Nortje’s Valentine’s Day 63 leads Dimension Data Pro-AmRiekus Nortje won the heart of the Outeniqua course at Fancourt on Valentine’s Day with a flawless nine-under-par 63 to ease into a one-stroke lead in first round of the Dimension Data Pro-Am. He made seven birdies and an eagle to put himself a shot clear of Justin Walters and another ahead of Jaco van Zyl, who also both completed their opening rounds on Outeniqua. The players play a round on each of Outeniqua, The Links at Fancourt and Montagu ahead of the cut, and final round action will be over Montagu on Sunday. For such a successful courtship, Nortje’s technique had an element of hit-and-miss about it. “My game’s been feeling quite good the last little while, but I just couldn’t get everything together,” he said. “There is always some little aspect that is off, so today I just decided to hit and what happens will happen.” The relaxed approach paid off immediately. “I thought about hitting four-iron off the tee on one,” he said. “I decided against it and took driver. I was probably about 30 yards short of the green, hit a great pitch to about four or five feet and made the putt. I hit the green in two on the second and I holed quite a long putt. That was already a great start. I made another long putt for birdie on the third. It was a dream start.” It’s easy to let such a good start slip away, but Nortje had just the right amount of persuasive power to keep things going. “You can get ahead of yourself very quickly with a start like that, so I just tried to take it one shot at a time and that worked really well for me,” he said. “I had a tough par-three after the first three holes. I hit a solid shot there, made a solid two-putt and then I hit a great second on the fifth. So that kind of kept the momentum going, but I did have to keep myself calm after the fast start.” Nortje, who has won just once on the Sunshine Tour, in the 2017 Mopani Redpath Zambia Open in Kitwe, has had a rough time of it in the 2018-19 season, making just five cuts with a best finish of a share of seventh back in June last year at Sun City. He’s only too aware of what this fast start means for him this week. “It was very important to get a good start on Outeniqua,” he said. “Montagu is playing tough at the moment, with the greens a little bit firmer, but they’re new greens. There have been some low scores there, so the scores are out there. You’ve just got to put your head down and grind.” The best round on Montagu came from England’s Toby Tree with his six-under-par 66. “I’m very pleased with that round,” he said. “I missed the cut by one in each of the last two weeks. I’ve been working hard after being injured at the end of last year. I’ve been playing alright, just not holing any putts. I got off to a frustrating start, but I just hung in there and got rewarded at the end. “The greens are firm on Montagu. Luckily, I drove it well – I only missed one fairway all day, and the one I did miss made it difficult to keep on the green because they were so firm.” Tree’s round at Montagu was matched by Sweden’s Philip Eriksson. At the challenging par-73 Links at Fancourt, Ireland’s Neil O’Briain carded a bogey-free six-under-par 67. “They’re all tough golf courses, but we were lucky on The Links today because the wind wasn’t very strong,” he said. “I was struggling with the driver in the practice round, so I spent a good hour-and-a-half on it last night and it really paid off. I didn’t really hole a lot of putts. I hit a couple of really nice shots and then took advantage of the par-fives, and the longest putt I had for par was about a foot. That makes it a lot easier.” They’re all going to overhaul Nortje, who is staying at home with his parents this week and who seems to have a recipe which will possibly also seduce the other courses. “I made a couple of really solid putts, but I feel I still left one or two out there that I could have made, or done a little better. But overall, everything was pretty good. My tee shots could have improved a little, but my irons and wedges were pretty good,” he said.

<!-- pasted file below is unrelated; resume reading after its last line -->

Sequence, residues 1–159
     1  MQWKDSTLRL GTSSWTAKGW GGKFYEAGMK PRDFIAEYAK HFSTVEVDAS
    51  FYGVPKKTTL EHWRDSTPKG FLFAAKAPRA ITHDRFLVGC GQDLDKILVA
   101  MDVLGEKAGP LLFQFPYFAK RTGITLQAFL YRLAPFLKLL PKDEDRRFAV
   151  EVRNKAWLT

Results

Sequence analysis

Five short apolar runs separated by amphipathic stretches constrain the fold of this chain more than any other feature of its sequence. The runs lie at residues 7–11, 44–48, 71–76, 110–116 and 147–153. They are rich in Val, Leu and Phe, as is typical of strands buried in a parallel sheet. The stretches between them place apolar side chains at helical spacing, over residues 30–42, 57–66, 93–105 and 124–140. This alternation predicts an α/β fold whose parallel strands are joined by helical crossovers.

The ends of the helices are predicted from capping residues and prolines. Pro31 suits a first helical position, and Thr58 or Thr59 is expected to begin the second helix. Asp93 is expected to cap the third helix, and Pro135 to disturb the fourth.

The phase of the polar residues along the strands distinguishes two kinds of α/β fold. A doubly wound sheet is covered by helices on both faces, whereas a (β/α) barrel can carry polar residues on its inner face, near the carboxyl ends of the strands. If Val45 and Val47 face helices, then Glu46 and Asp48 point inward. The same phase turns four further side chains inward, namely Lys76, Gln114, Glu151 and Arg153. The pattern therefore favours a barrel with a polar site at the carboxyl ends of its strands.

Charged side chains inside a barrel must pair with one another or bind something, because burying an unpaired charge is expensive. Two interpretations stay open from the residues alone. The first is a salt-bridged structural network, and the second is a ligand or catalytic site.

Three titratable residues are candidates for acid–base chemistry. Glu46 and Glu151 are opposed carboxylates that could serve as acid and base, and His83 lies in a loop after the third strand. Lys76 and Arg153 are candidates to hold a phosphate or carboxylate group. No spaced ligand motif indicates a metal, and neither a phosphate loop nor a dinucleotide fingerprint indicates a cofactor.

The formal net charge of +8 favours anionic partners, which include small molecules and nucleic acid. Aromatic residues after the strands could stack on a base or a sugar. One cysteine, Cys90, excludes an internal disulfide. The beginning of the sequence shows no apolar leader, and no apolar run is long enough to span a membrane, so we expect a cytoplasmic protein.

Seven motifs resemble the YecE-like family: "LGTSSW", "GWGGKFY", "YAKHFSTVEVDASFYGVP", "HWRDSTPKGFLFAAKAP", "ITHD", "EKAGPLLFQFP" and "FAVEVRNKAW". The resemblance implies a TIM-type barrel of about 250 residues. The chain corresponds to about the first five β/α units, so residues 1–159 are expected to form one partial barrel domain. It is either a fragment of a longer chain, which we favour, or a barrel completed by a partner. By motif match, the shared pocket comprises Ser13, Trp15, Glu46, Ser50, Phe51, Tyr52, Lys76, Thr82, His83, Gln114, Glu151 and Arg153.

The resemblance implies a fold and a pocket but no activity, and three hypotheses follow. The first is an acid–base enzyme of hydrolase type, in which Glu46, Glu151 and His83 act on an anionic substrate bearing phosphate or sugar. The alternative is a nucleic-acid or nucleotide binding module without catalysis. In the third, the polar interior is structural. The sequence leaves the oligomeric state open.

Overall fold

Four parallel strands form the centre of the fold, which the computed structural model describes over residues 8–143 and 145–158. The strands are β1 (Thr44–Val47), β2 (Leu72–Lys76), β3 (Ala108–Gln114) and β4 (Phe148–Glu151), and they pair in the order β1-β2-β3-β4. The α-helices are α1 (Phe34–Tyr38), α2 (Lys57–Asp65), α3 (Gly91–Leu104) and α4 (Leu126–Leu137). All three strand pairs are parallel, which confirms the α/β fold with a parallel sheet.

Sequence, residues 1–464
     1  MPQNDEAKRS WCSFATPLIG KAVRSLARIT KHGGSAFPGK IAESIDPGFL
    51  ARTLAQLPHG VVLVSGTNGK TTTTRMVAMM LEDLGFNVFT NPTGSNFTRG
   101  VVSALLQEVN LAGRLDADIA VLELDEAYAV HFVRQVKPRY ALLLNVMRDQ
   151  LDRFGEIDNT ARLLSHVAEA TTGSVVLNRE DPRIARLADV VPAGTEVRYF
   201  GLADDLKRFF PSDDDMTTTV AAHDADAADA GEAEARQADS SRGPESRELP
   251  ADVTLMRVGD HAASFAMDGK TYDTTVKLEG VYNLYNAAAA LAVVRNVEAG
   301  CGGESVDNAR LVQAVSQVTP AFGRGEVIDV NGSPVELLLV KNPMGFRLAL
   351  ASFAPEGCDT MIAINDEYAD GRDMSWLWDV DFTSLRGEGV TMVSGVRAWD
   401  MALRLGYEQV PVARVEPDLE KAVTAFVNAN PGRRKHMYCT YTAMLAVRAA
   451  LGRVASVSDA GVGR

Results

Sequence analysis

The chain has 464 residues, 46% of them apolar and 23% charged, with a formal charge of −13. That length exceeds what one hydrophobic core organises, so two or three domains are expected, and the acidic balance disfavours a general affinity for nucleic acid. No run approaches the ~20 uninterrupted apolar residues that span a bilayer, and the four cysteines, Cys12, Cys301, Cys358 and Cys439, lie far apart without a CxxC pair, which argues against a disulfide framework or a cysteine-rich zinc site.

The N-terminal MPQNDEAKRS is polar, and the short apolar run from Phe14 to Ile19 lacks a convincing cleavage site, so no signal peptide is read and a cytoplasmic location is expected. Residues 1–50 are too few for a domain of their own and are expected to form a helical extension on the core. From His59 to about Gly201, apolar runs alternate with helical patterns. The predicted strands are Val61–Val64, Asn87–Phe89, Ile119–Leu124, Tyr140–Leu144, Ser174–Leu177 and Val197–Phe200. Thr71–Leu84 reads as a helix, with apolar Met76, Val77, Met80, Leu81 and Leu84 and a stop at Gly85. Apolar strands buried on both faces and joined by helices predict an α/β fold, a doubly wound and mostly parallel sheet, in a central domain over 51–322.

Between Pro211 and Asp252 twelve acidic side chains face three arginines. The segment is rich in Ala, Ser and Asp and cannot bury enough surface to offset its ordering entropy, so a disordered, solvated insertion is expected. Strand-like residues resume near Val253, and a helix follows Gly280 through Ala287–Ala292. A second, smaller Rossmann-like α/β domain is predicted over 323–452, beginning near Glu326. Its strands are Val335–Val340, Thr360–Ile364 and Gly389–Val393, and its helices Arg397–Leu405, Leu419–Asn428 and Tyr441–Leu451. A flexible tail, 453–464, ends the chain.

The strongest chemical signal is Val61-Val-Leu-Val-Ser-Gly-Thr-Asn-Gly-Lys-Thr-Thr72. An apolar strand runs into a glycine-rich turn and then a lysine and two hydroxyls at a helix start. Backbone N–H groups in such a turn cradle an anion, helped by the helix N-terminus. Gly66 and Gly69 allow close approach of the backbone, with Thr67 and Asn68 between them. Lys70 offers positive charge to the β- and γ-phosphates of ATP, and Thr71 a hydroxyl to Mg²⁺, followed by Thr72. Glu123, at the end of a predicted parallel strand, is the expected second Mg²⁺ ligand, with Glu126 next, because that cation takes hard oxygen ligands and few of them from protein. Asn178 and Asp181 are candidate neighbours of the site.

Dimension Data Pro-Am: What’s whatDimension Data Pro-Am: What’s what Our last visit to the magnificent Fancourt Golf Estate, Jaco Ahlers claimed a three-stroke victory over Jean-Paul Strydom. This year’s event will be played on all three courses – Montagu, Outeniqua and the Links at Fancourt – from February 14 to 17. The format: 156 professionals will make up the field.  The cut will be to 60 players and ties, after round three.  Each contestant will play one round on Montagu, Outeniqua and The Links at Fancourt.  The final round will be played on Montagu. In the event of a tie for first place, there will be a sudden death playoff on holes to be determined by the tournament director. For the pro-am, 156 Professionals and 156 amateurs make up the field. Players drawn together in one team stay together for the duration of the tournament. The format is Betterball Medal, the best nett score on each hole to count. Each team will play one round on the Montagu, Outeniqua and The Links.  On conclusion of the third round there will be a cut to the leading 25 team scores. All teams making the 54-hole cut will contest the final round to be played on Montagu. Defending champion: Jaco Ahlers is the defending champion after he defeated Jean-Paul Strydom by three shots after he finished on 20-under-par 269. The Courses: The Links at Fancourt: This is regarded as the hallmark of this estate, with undulating, windswept terrain and dune-style landscape. 6,755 metres in length, this championship course will test and bring joy to golfers of all levels. The fairways on this beautiful par-73 design are made up of four different season grasses: Kentucky Blue, Rye, Fescue and Bent, with the greens a dominant Bent. Outeniqua: This course provides for an easier game than its counterpart, Montagu, while offering its fair share of challenges and water hazards on as many as 11 of its holes, including four of the last five. Outeniqua rolls over 6,312 metres of greenery and regarded as the easier course to play in this world-class estate, but will punish any complacent golfer. Designed by Gary Player and named after the mountain range that forms its backdrop, the course is designed to accommodate a large volume of players. Grassed with Kikuyu on the fairways and Bent grass on the greens, Outeniqua has been ranked the number one golf course in the country on a few occasions. Montagu: This 6,714 metre design is a tree-lined parklands layout, with a few slopes to climb, that is well-conditioned to provide the best-golfing experience.  Montagu and Outeniqua are closely related as they are both parkland layouts that wind across the undulating terrain. Montagu, though, is the longer and arguably the tougher of the two with a host of wonderfully designed holes. Several tight fairways here will demand accuracy and as well as length from the tee, and those treacherous water hazards will dangerously punish any golfer who will stray towards them on certain holes. Boasting fast undulating greens, stylish bunkering and the ever-present backdrop of the Outeniqua mountains, Montagu is a world-class golf course by any standard.   Form player: Nobody can dispute Zander Lombard’s form right now. In the six Sunshine Tour tournaments he has played this season since reclaiming his European Tour card, Lombard has been red hot. It all started with his maiden title at the Vodacom Origins of Golf at Zebula. He backed that up with a fourth-place finish at the final event of that series at Pinnacle Point. One would have thought missing the cut at the AfrAsia Bank Mauritius Open would dampen his resolve, yet, on the contrary, it looks as though that that result injected him with a new sense of confidence. A top-15 finish at the world’s second oldest golf championship, the South African Open hosted by the City of Joburg, was soon followed by a third-place finish at the Alfred Dunhill Championship at Leopard Creek. In all these events, there was always a sense among media and pundits that Lombard was going to win one of them soon, as his game just got better and better. Another solid week for him in Cape Town ended in disappointment as he watched Follett-Smith walk away as the victor. Nevertheless, the fact that he has looked threatening in all but one of his six tournaments on the local circuit shows that he is ready to add a second piece of silverware to his budding cupboard. Sentimental pick: Strydom makes a return to Fancourt after a solid week in Cape Town where he narrowly lost out to Zimbabwe’s Benjamin Follett-Smith. His rounds of 69, 67, 70 and 66 were solid enough to deliver him his maiden Sunshine Tour title, but Ahlers’ experience came to the fore as his third and fourth round scores of 66 and 64 proved unassailable. At the RAM Cape Town Open last week, Strydom, again, showed his hunger for a title and despite a fourth-round 74 which played a bit-part in his demise, he has shown he is ready to grace the winner’s circle at any moment. While his best results for the season have come from Cape Town, Eye of Africa PGA Championship (17th), Alfred Dunhill (18th) and the Wild Coast where he came 18th, he has proven to be a strong competitor and counting him out this week might prove dangerous. The bolter: Thriston Lawrence reclaimed his Sunshine Tour playing card via the gruelling route of qualifying school and has had a season of mixed results since then. A top-10 finish at the Royal Swazi Challenge gave him a much-needed confidence booster, and that was soon followed by a top-five finish at the Vodacom Origins of Gold at Zebula. A couple of missed cuts here and there threatened his Order of Merit standings but he fought admirably to climb up to the 58th he currently occupies. That was largely thanks to the results he got at the Eye of Africa PGA Championship where he came fourth, the closest he’s come to winning a Sunshine Tour event in his young career. The following week, Lawrence finished eighth at the RAM Cape Town Open to ride the previous week’s momentum. The Big Easy #15 win he has under his belt should serve as a motivator for the rest of the season and playing one of the gems of South African golf this week, Fancourt Golf Estates, Lawrence should be relishing his chances.